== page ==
The battle over information happening in Russia

As Russian and Ukrainian tensions boiled over for the past few months, Russia’s media control gives them the first win without firing a shot. 

Over the past few months, Russia has increased its level of aggression towards Ukraine. Through placing forces closer to the border and intelligence leaks from the Pentagon warning of an attack, Putin is establishing at least the threat of an attack. 

The diplomacy between Russia and Ukraine deteriorated a while ago, starting with Ukraine’s departure from the Soviet Union. After the Soviet Union collapsed, the nuclear weapons were spread across four countries, two of which were Russia and Ukraine. Ukraine gave up their arms in exchange for diplomacy with Russia. 

The issues came when the United States offered an invitation for Ukraine to join NATO, making Putin feel threatened by the western alliance group. The threat is based around having a Western-allied power so close to the motherland. 

Back in 2015, Putin threatened with a similar attack: push military forces to the border of Ukraine and Russia along with an upstick of Russian propaganda in the area. 

Now, Russia is pushing in again on the Ukraine borders, moving in tanks, military personnel, and resources. While their administration denies any kind of attempted aggression, the United States military feels otherwise. On the brink of war, Russia is continuing a staple of the Putin administration: controlling the narrative their people receive.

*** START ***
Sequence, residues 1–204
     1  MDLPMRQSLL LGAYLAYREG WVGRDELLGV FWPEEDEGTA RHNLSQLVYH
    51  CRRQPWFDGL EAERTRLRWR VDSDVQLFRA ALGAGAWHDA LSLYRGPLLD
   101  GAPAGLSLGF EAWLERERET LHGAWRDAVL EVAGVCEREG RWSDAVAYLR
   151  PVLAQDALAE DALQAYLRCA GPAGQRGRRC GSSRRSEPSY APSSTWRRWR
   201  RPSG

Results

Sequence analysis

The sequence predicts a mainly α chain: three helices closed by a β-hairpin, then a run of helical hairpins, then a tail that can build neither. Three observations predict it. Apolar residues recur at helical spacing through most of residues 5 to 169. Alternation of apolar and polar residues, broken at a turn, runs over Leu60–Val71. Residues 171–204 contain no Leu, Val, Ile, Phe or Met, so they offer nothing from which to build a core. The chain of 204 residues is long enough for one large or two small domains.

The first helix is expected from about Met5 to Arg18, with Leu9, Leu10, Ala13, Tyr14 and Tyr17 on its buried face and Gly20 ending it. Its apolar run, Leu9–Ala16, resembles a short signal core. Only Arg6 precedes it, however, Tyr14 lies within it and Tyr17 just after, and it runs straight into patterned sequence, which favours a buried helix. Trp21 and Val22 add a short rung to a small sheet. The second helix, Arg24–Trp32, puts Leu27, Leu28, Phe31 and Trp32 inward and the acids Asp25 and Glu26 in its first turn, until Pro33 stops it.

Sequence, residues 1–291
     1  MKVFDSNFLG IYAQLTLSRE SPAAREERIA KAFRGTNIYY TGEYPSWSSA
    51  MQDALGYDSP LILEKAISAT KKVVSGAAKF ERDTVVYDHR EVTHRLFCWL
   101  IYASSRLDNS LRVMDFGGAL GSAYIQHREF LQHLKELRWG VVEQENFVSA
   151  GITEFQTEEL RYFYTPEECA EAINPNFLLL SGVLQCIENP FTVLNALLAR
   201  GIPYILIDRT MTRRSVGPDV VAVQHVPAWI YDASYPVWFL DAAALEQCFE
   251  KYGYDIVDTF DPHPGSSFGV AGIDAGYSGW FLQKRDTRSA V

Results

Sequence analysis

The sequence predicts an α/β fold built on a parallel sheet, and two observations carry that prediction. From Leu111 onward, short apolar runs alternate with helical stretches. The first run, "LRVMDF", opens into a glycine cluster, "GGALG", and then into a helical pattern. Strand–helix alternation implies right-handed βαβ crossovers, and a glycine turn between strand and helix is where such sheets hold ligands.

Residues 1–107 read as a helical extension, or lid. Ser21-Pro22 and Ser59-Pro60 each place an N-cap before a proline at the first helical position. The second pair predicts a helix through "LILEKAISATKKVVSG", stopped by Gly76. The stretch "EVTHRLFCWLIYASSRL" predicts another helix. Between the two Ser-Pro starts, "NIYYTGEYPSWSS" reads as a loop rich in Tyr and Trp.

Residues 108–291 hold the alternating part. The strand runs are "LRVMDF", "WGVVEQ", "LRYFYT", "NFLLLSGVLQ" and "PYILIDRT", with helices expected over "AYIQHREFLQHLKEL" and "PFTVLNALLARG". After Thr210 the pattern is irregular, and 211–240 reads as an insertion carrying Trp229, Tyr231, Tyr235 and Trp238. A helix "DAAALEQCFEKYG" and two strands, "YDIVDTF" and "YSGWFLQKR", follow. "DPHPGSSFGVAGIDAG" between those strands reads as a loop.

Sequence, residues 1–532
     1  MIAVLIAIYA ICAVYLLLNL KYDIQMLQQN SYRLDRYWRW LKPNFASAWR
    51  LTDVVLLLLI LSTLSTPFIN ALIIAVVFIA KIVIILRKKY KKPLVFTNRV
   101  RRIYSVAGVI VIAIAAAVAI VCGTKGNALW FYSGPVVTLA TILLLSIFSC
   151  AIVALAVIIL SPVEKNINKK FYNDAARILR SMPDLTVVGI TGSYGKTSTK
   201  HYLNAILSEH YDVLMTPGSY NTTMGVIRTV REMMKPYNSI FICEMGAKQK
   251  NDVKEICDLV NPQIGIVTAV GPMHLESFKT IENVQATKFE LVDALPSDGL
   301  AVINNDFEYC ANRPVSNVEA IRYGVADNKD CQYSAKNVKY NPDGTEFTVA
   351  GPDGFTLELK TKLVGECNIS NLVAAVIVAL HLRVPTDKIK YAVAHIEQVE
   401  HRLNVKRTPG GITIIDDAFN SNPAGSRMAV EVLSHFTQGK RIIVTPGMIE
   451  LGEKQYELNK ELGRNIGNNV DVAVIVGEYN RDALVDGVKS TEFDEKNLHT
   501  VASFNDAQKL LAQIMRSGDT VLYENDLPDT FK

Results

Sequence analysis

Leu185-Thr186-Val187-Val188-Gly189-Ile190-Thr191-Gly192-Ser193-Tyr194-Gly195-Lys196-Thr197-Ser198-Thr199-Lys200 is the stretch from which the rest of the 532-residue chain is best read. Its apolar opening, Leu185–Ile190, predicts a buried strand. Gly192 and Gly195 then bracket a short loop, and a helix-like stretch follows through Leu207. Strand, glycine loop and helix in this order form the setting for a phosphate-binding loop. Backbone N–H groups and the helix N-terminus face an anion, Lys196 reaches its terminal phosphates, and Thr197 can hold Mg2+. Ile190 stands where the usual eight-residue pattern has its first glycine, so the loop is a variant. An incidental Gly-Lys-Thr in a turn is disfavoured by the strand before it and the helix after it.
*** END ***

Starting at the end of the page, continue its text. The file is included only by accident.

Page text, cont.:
The vast majority of media based in Russia is government controlled, which allows the government to direct the narrative reported to the masses. Mariëlle Wijermars, assistant professor in cyber-security and politics at the faculty of arts and social sciences, outlined the rise of Russia’s control over the media. 

“When Putin came to power, he started a campaign to take power back from the oligarchs, including in the media sphere,” Wijermars wrote. “Slowly but steadily he nationalized TV channels and established control over most newspapers. Since then, the news has become one-sided again, even though there still are a few exceptions, and Russian state media do not shy away from using propaganda and conspiracy theories.”

The Russian government, over the course of the last year, attacked the Ukrainian government through the media with stories labeling them as “pro-nazi” and detailing a story about a boy who was crucified in Ukraine